ARLA Propertymarks’s Tips on Surviving a House Share
TOP TIPS ON SURVIVING A HOUSE SHARE
Phil Keddie, President, ARLA Propertymark, said: “With rents at an all time high, more and more people are living in shared accommodation for longer than expected. Living in a house share, be it with your best friends or complete strangers, shouldn’t have to be a negative experience, and can actually lead to some of your best memories. Following just a few of Propertymark’s tips should help your flat share run smoothly.”
- ARLA Propertymark offers advice and top tips for sharing a house
Living in a flat share is no longer an experience exclusive to students. As rent prices soar, living in a house with several others is an increasingly popular choice for all ages, and particularly for those living in bigger cities. Sharing a house can be stressful at times, but no matter how tricky shared living can be there are always things you can do to make it as easy as possible.
ARLA Propertymark shares its top tips on how to survive a house-share.
Do the dishes
Everyone has a different level of tolerance when it comes to keeping things clean. However, dirty dishes in the sink can quickly become a major battleground so it’s worth setting a few ground rules when you first move into the property. Everyone should agree to clean up after themselves and a cleaning rota can work well for communal spaces.
If cleaning is a pain for everyone in the house, a fortnightly cleaner could be a worthwhile stress-reliever.
Pay your bills
Another source of tension is often money. It’s easy to lose track of all the different bills you need to pay, and this means that money can quickly become a sore point for housemates. When you first move in, agree on how bills will be paid, what the deposit will cover and set up bank transfers to cover monthly outgoings and ensure no one is left out of pocket. There are also lots of apps which can help you track household bills and expenses and make this process as smooth as possible. Keeping on top of shared finances will also make someone moving out the property a simple process without endless arguments over what has or has not been paid, and it’s worth considering from the outset how deposits/bills will be paid in this circumstance.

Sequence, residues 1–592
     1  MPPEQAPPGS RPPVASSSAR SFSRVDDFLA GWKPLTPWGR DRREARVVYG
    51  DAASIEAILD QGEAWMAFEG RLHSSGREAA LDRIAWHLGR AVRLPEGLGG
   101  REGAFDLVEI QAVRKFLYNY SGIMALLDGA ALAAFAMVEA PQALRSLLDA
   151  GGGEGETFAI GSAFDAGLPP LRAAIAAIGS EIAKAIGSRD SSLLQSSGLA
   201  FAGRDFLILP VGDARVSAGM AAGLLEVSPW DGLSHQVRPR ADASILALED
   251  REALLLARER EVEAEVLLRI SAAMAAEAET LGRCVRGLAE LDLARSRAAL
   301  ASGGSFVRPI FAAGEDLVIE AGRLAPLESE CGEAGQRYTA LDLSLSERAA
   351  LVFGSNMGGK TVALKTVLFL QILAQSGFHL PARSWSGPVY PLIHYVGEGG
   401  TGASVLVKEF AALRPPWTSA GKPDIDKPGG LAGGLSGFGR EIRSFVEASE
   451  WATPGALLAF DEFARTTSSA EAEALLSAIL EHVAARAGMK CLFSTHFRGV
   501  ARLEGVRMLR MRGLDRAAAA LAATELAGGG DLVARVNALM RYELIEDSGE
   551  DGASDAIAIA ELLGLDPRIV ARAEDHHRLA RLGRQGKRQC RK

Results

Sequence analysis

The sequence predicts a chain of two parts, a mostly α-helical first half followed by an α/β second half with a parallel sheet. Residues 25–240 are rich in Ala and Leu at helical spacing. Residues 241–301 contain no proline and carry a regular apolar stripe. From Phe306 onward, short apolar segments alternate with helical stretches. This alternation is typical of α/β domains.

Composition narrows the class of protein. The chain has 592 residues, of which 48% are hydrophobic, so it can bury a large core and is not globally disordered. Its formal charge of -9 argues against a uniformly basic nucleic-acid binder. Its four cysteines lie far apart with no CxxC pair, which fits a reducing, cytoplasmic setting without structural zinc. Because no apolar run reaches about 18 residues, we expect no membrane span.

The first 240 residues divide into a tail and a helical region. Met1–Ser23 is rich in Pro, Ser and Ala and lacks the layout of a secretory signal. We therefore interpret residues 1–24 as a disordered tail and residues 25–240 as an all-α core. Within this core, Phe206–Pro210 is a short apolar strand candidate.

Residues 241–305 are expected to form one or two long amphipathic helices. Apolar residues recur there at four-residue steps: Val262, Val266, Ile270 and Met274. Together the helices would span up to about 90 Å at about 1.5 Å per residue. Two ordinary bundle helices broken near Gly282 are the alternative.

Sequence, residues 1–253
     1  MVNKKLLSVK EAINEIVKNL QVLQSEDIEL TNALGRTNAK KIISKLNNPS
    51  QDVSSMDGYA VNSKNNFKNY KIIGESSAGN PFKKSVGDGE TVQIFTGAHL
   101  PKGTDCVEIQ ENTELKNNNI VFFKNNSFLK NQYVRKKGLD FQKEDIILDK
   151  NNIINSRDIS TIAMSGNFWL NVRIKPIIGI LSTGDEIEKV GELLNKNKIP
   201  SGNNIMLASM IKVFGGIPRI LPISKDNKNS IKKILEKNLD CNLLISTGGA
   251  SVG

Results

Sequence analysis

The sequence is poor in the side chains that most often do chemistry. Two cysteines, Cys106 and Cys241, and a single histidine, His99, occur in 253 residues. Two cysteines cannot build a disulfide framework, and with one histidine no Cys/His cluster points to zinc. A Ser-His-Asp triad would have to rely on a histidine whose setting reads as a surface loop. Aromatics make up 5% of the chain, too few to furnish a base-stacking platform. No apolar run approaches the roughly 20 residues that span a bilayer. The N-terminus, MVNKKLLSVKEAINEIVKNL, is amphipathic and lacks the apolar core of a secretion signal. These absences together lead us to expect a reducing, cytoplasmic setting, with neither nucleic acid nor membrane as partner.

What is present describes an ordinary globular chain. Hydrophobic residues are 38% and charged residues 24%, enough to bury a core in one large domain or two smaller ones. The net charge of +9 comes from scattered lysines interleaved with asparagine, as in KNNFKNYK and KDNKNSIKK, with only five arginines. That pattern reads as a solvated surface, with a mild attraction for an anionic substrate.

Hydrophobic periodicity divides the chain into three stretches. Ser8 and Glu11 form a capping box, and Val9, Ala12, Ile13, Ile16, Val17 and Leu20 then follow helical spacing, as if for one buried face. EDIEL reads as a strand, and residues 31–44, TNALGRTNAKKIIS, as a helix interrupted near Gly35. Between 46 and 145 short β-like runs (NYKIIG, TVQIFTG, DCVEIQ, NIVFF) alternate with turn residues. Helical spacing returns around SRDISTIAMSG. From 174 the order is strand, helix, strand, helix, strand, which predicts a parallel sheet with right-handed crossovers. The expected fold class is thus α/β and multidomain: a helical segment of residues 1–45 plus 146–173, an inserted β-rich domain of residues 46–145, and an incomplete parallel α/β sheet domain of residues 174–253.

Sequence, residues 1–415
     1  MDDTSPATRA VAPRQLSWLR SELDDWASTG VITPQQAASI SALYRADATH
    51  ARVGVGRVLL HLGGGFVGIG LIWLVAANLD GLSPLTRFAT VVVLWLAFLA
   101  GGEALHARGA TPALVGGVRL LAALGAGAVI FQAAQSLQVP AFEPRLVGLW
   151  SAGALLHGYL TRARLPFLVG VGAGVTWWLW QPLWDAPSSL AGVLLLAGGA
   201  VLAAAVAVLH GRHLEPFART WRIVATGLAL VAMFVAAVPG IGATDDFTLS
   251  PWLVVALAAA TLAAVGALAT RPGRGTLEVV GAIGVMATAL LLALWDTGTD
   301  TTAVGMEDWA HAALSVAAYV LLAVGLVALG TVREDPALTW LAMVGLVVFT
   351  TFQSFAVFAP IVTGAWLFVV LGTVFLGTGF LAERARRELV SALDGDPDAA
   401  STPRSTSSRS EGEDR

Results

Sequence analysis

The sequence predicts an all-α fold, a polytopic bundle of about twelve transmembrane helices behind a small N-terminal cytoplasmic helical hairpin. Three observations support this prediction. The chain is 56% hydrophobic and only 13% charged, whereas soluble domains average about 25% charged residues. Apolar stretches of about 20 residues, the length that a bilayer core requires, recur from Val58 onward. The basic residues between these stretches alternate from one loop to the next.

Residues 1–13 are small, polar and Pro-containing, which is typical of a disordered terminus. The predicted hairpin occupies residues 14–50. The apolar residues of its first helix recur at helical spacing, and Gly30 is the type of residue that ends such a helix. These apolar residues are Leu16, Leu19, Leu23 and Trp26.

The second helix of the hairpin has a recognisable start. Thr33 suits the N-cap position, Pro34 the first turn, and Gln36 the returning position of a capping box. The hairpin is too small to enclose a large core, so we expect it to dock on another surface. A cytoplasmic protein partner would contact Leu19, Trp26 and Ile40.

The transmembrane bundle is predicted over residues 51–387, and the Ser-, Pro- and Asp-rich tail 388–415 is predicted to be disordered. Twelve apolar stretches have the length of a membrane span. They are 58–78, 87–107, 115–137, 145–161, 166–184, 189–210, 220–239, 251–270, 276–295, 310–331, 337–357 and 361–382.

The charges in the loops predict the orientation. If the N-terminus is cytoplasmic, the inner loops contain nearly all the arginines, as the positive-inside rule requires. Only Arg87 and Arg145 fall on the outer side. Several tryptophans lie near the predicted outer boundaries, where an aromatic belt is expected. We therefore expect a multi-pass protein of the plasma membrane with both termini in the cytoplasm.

Share the basics
Whilst living in a flat share doesn’t mean you have to share everything, there are some basic essentials that it’s likely everyone in the flat will use so why not share them. Agree on the basics worth sharing (things like bin bags, oil, spices, kitchen roll and washing up liquid), and then take it in turns to buy them. Alternatively, set up a house kitty that everyone contributes to and purchase those essentials with it.
Having a little respect for your flatmates goes a long way. Don’t borrow their clothes without asking or go into their room when they’re not there. Keep the noise down, particularly if you’re coming home late at night or have friends’ round and be mindful of shared spaces.
Respect can go a long way towards preventing conflicts.
Keep in touch
Have an established method of communication to discuss specific house matters, for example a Facebook or WhatsApp group. Whether it’s to let your flatmates know if you’ll be in that evening or see if you need to pick up milk on your way home. Even if you and your flatmates aren’t going to be best friends, staying in touch can help create a comfortable atmosphere and prevent any tension from building up.
Choose your housemates carefully
If you are lucky enough to be able to choose your housemates, it’s worth thinking carefully before you agree to move in. Be honest about your own lifestyle and what you’re looking for in a flatmate. Smoking, noise, obsessive tidiness and conflicting work schedules can all lead to a clash in lifestyles making for a potentially difficult living situation. Not rushing into a flat share can lead to a much nicer living experience in the long term.
Pick your battles
We’ve all come home from a long day at work and been left furious at the laundry left in the washing machine, or the lack of loo roll. However, before you confront your flatmate take a minute to consider the problem. Some things are worth speaking to your flatmate about, but other times it’s just not worth it.
Pick your battles and try not to take work stress out on your flatmates.